Explore the meanings of ‘Windrush’, lottery scams and reparations in Jamaica
The Summer Scholars season of free, drop-in, lunchtime talks explore the broad and exciting range of research being conducted in the North American collections at the British Library by Eccles Centre Fellows and Award winners. Tea and coffee will be served and attendees are welcome to bring their lunch.The uses and meanings of ‘Windrush’
Elizabeth Cooper and Naomi Oppenheim explore the changing uses and meanings of ‘Windrush’ in British society through a critical discussion on curating the British Library’s exhibition Windrush: Songs in a Strange Land.
Reparations and the Reordering of Transgression in the Jamaican Lottery Scam
The concept of ‘reparations’ is most frequently framed as a form of redress that places compensation as the responsibility of the appropriate colonial power. In this talk, Jovan Scott Lewis explores an alternative reparative logic. He illustrates how Jamaican ‘lotto scammers’, who con American citizens into sending money to Jamaica, are reformulating sites of transgression and the currencies and processes for reparative compensation. In this process, reparations become an active claim denoting the continued productivity of the histories and circuits of colonial and postcolonial inequality.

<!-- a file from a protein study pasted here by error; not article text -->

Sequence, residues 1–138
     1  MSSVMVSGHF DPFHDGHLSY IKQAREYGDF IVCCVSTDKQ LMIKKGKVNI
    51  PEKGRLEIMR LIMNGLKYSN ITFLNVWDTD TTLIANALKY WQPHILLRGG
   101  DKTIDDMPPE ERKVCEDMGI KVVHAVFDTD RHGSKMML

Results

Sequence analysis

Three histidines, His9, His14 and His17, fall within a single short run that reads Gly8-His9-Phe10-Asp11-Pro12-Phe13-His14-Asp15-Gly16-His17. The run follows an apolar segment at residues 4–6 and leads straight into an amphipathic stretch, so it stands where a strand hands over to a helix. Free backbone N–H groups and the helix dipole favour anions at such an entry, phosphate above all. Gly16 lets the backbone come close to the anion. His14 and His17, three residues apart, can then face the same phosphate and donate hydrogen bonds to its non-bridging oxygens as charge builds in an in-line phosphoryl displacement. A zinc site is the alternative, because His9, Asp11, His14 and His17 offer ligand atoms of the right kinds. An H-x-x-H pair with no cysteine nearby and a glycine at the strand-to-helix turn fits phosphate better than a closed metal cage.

Elizabeth Cooper is Curator of Latin America and the Caribbean at the British Library. Her research and writing focuses on the inter-related histories of slavery, race and capitalism, popular culture and politics in the Atlantic World – from the 18th through to the 20th century.
Naomi Oppenheim is a Collaborative Doctoral Partnership student based at the British Library and UCL. Her current research project, Future Pasts, explores the ways in which history permeated popular culture through a focus on the Caribbean diaspora in 1960s and 1970s Britain. Her thesis also considers the idea that popular and alternative modes of Caribbean history represented a critical juncture of past, present and future.
Jovan Scott Lewis is Assistant Professor of Geography and African-American Studies at the University of California, Berkeley. He received his PhD in Anthropology from the London School of Economics. His research is concerned with the affective and structural understanding of the broad concepts of the market, capital, poverty, race, and post-coloniality, examined through raced experiences of the economy.
Image: Empire War Workers in Britain – A Volunteer from British Guiana, World War Two information poster